Web Design: the importance of Wireframing
I have recently delved into the early stages of web design for a custom-built, fluid, responsive website for one of our group companies, the charity Brand Amplifier. We’ve recently rebranded them with a fresh identity and the site has just gone live.
One of the key things I have learned is the importance of planning and process! The web design process is broken down into stages, outlined in a project plan. The first stage in this plan is to layout a site map that consists of a basic structure showing all the pages of the site and how they interact together. It’s essentially a bird’s eye view of where and how the content will be used. It’s really important to share this process with the web developers and the client so everyone is clear on the plan going forward and to ensure all bases are covered. Below is the site map we created at the outset for the Brand Amplifier website:
Next up is the wireframing stage. Wireframes are simple, structural layouts, similar in principle to the blueprints of a house. They show the framework of each individual page within the website, as outlined in the site map, but in more detail to show site navigation, rough sizes and placement of page elements and specific functionality. The exact layout and look of the wireframes isn’t important, they are devoid of colour, fonts, logos and other design elements. The content doesn’t necessarily have to be ready, as long as you know what is coming and where it will sit on the site, so you can base the design around the content, rather than the other way round! Again, this stage is really important to share with the client and the developer, so everyone can agree on the content and overall functionality.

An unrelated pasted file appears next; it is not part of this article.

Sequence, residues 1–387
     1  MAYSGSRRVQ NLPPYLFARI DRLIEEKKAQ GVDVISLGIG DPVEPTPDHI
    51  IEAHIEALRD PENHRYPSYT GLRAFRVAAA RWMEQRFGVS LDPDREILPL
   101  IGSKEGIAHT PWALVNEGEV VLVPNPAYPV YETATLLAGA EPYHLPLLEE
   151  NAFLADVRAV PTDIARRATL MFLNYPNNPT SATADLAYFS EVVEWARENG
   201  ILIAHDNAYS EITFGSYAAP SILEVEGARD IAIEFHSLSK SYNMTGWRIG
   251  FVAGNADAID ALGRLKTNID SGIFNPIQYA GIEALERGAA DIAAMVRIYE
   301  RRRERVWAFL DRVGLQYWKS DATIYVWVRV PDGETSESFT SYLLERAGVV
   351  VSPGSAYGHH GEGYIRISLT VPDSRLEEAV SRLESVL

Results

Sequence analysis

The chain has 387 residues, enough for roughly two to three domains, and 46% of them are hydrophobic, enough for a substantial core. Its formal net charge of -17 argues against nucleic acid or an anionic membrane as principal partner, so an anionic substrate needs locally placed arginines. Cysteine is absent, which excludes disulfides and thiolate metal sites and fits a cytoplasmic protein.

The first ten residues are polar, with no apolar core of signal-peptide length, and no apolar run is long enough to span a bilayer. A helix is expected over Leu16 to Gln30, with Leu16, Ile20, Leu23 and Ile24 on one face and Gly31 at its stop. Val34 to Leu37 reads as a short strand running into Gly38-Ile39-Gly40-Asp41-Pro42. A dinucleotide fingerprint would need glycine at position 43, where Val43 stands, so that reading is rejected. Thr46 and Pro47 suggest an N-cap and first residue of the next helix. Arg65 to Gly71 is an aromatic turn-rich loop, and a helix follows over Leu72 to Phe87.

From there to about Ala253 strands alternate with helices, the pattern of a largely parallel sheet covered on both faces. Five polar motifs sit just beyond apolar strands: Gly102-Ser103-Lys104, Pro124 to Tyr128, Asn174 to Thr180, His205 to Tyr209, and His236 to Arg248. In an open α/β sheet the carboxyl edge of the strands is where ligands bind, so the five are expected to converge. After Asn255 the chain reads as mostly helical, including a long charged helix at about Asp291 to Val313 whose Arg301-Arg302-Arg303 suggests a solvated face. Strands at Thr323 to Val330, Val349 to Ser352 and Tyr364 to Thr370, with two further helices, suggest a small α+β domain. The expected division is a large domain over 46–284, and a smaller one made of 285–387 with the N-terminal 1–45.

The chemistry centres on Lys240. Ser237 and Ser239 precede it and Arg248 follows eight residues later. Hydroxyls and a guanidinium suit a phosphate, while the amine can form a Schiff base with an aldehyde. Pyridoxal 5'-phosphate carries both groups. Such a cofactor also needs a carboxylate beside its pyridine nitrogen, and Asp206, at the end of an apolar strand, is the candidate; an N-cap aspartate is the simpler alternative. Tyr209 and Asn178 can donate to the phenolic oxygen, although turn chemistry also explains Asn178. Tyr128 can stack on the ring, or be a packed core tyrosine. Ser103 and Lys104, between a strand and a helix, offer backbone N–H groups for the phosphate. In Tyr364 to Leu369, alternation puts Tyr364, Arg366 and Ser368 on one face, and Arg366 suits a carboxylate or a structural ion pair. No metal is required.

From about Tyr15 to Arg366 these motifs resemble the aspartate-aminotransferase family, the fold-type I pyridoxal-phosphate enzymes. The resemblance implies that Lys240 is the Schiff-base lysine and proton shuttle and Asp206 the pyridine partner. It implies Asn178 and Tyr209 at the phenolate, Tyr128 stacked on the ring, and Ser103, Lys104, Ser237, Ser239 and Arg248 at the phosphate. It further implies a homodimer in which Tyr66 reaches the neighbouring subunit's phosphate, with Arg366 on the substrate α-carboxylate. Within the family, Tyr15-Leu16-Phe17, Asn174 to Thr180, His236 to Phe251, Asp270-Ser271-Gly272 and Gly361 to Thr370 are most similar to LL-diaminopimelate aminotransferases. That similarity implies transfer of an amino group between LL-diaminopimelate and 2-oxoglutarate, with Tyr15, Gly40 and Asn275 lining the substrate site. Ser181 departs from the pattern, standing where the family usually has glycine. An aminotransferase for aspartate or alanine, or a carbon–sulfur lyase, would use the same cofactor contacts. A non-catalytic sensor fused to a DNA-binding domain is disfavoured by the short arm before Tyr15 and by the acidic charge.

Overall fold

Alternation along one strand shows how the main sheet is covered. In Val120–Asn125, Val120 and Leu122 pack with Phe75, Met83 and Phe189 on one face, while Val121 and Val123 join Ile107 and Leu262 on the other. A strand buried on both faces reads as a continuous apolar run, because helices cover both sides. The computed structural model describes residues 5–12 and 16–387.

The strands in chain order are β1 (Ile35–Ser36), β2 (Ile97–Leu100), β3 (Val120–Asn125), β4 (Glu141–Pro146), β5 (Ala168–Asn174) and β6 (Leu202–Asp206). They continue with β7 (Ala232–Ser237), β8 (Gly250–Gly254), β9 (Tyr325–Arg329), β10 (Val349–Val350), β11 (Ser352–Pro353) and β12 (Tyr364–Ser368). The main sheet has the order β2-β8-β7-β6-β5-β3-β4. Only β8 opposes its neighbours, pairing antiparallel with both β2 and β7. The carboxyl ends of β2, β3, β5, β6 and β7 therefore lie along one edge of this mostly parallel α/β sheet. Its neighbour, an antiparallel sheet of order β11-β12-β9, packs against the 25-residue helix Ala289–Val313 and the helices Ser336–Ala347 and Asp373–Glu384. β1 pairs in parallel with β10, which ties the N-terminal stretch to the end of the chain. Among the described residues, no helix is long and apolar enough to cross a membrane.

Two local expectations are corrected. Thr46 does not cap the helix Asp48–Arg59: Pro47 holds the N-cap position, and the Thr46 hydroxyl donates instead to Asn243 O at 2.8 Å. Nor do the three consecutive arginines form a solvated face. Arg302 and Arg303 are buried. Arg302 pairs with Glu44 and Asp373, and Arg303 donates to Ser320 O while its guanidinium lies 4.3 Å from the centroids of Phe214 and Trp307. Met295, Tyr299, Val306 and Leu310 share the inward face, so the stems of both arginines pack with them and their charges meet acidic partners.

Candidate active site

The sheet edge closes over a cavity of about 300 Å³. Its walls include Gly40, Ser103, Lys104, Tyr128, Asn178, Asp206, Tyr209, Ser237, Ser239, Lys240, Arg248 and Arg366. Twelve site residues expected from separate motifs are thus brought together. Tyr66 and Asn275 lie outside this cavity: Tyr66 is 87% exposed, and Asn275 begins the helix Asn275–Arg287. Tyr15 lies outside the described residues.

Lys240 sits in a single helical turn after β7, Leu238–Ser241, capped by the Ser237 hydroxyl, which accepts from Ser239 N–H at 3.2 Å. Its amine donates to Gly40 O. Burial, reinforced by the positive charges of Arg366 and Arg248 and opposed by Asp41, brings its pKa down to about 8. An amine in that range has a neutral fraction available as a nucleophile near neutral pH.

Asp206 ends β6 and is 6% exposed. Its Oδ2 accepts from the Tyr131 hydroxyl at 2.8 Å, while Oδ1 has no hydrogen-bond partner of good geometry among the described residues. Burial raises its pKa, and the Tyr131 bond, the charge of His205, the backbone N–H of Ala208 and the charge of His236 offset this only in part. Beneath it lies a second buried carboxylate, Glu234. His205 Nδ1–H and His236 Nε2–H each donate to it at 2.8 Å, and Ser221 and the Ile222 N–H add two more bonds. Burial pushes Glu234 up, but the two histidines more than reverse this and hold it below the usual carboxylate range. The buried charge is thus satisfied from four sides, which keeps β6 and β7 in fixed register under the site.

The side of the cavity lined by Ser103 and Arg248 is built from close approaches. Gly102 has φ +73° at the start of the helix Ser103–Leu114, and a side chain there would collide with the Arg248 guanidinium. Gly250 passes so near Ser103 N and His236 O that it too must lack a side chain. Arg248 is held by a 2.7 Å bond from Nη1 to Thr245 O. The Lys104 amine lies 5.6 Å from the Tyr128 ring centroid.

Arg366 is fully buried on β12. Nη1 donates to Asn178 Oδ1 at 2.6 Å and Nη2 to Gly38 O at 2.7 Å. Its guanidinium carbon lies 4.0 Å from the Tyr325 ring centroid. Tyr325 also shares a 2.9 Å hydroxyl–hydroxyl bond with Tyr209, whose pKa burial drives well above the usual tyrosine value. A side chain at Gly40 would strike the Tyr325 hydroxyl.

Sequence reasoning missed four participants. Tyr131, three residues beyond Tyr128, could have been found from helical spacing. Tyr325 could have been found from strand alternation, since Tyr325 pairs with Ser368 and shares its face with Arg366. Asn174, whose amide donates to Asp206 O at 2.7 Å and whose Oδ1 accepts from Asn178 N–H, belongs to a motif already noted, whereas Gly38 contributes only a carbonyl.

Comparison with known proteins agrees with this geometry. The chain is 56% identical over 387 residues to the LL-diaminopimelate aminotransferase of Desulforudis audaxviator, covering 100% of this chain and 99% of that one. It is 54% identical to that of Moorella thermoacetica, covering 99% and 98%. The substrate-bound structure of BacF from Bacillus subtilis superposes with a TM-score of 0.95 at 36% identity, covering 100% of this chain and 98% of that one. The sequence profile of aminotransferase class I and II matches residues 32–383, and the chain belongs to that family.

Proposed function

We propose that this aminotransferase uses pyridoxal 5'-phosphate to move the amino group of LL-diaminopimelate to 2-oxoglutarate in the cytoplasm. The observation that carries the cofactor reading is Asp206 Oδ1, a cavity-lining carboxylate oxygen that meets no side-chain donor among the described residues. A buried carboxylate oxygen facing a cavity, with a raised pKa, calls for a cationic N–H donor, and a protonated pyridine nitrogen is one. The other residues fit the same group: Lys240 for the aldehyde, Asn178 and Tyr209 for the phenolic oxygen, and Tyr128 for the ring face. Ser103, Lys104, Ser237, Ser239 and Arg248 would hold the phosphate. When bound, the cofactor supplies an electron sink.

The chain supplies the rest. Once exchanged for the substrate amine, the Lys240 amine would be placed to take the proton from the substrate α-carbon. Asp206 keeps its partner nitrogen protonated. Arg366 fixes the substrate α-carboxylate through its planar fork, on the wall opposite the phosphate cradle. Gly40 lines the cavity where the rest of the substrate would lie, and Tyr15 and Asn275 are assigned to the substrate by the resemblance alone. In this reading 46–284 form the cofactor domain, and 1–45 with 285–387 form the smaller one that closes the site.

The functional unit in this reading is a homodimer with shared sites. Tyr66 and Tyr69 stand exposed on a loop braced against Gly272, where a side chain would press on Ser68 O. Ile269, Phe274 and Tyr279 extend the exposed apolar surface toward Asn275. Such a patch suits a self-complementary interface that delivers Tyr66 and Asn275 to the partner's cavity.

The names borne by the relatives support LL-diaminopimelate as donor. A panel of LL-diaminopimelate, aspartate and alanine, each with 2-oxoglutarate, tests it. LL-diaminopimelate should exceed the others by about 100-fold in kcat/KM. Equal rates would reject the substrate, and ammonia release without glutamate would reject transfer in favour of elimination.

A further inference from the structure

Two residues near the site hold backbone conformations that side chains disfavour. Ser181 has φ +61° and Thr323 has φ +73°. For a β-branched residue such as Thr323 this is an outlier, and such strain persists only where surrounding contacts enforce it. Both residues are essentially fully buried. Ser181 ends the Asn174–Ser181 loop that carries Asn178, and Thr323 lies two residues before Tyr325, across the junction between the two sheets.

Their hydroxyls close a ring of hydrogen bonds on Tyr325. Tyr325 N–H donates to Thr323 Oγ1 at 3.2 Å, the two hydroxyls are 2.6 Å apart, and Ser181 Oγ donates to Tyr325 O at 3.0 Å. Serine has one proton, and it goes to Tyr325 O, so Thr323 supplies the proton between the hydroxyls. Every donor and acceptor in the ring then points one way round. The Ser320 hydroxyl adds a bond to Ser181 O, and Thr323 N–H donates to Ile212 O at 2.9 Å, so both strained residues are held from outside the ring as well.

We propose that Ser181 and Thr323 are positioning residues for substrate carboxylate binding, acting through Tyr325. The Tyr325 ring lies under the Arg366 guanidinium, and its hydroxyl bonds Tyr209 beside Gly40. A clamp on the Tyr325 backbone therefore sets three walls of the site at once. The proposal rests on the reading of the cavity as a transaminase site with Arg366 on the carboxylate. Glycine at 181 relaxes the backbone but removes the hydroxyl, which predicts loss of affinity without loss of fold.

Here’s an example of a wireframe we created for the Brand Amplifier website home page:
As you can see, most of the content is visualised here using placeholders to show the desired layout. Images are represented by boxes and basic elements like social media icons, scroll buttons and search facilities are put in to add some context to the plan. At JPC we have amassed a collection of icons for this specific purpose, that help speed up the process of assembling the wireframes.
The main reason to share these wireframes with all parties involved in the build of a website is to create visibility for everyone and ensure the brief is being delivered upon. They act as a content checklist prior to the design stage that follows, which will of course now be a breeze as everything is, by this stage, already laid out so you can have fun with the look and feel!
Check out the new website and follow them on Twitter @brandamplifier to find out more!